Export Overlay tries to convert an image into an overlay for use with the Add Overlay command in the Annotate menu (see section 2.6). Only an image created in certain draw programs can be exported as an overlay by MapProjector 4.0.2. Some common draw programs that have been tested include: Illustrator, AppleWorks, Freehand, SuperPaint, and Canvas. Using these programs you must save your image as in PICT format and then reopen them using MapProjector from which they can be converted to overlay files. The Export Overlay dialog sets the quality of the overlay (figure 3). Higher quality breaks down longer lines into shorter segments, thus producing more accurate images. However, higher quality overlays require more memory in a PostScript printer. If your PostScript printer cannot print an overlay you will need to export it at lower quality.

Figure 3: Export options for overlays.

When you export an image MapProjector looks for every polygon in the image. If an image does not have any polygons then MapProjector will not create an overlay. If any polygons in an image go outside the visible part of the image, then you can choose what to do with the polygon (figure 4). Force will remove the parts of the polygon that are outside the visible image. Cancel will stop the whole export to overlay. Skip will not include the polygon in the overlay. Skip is particularly helpful if some of your polygons are rectangles around the whole image, or invisible. You can see the Overlay Tutorial for an example of how to create an overlay from an image.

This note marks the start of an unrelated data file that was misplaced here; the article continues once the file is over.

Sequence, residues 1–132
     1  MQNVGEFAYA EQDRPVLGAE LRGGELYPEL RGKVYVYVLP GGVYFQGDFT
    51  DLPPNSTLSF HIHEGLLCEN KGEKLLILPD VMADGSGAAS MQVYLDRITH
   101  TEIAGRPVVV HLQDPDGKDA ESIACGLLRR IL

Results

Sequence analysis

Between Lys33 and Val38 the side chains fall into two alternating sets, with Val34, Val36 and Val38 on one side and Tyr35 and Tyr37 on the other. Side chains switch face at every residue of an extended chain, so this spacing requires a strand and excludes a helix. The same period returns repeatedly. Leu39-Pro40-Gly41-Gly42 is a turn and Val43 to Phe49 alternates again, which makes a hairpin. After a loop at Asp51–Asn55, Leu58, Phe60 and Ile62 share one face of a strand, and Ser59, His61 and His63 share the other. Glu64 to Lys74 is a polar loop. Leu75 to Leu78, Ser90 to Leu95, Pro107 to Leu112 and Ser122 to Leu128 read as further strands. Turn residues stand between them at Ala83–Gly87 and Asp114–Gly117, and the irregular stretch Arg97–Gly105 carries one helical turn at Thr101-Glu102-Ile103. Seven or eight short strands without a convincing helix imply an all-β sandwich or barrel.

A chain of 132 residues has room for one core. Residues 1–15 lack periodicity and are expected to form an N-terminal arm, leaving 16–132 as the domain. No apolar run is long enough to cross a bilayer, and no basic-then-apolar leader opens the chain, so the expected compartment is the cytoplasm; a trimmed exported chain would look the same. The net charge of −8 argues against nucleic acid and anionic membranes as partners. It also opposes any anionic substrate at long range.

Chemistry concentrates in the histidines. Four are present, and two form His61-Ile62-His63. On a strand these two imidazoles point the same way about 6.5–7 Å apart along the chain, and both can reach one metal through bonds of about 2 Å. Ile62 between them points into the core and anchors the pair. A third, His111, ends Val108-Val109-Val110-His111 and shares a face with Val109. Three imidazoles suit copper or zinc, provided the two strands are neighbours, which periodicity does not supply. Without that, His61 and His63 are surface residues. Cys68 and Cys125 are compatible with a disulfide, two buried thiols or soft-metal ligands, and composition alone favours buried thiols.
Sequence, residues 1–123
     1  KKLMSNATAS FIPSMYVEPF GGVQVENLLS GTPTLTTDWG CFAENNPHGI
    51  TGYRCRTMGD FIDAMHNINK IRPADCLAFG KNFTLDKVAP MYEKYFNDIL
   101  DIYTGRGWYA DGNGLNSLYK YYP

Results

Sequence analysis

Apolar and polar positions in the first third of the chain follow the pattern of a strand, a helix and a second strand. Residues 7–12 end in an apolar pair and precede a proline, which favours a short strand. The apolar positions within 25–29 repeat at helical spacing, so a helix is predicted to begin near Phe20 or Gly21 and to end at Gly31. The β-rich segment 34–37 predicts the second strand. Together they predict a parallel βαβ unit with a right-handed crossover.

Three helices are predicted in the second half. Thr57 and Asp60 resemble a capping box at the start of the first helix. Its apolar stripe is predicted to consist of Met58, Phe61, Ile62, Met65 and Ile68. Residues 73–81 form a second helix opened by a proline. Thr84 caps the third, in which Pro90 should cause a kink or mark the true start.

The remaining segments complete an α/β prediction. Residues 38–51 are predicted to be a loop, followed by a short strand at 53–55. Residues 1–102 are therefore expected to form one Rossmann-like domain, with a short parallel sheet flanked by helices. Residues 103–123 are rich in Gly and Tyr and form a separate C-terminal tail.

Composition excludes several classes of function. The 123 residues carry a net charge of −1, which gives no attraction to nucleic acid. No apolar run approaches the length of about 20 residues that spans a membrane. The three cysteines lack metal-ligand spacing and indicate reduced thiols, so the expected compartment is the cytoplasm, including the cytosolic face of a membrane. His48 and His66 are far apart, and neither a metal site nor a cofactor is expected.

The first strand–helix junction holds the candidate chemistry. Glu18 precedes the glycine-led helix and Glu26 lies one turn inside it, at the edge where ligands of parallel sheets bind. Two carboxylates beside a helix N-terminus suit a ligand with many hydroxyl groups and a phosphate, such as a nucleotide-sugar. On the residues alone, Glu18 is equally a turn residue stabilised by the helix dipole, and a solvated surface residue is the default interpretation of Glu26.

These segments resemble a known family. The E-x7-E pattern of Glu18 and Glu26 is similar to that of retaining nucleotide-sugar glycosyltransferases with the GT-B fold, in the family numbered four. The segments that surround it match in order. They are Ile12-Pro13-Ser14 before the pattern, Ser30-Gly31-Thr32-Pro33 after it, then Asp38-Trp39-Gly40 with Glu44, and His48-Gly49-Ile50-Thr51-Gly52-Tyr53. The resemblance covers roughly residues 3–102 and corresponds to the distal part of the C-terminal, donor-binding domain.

Figure 4: Oversized polygons.

Page Setup
gives you the options for your current printer and allows you to rescale the printed size of your image.

Print MapProjector uses PostScript to enhance images when they print. This means that MapProjector can take advantage of postscript’s ability to print fractional line widths, smoothed continental overlays, and many other enhancements (figure 4). Most laser printers, and a few inkjet printers, can print PostScript.

Figure 5: Grid lines printed in non-PostScript (left) versus PostScript (right).

Quit closes all the document windows in MapProjector and then quits the program. You will be asked if you want to save any changes to documents before closing them.

Edit menu

places in the clipboard the part of the image you have selected. The coordinates for your selection are copied as well.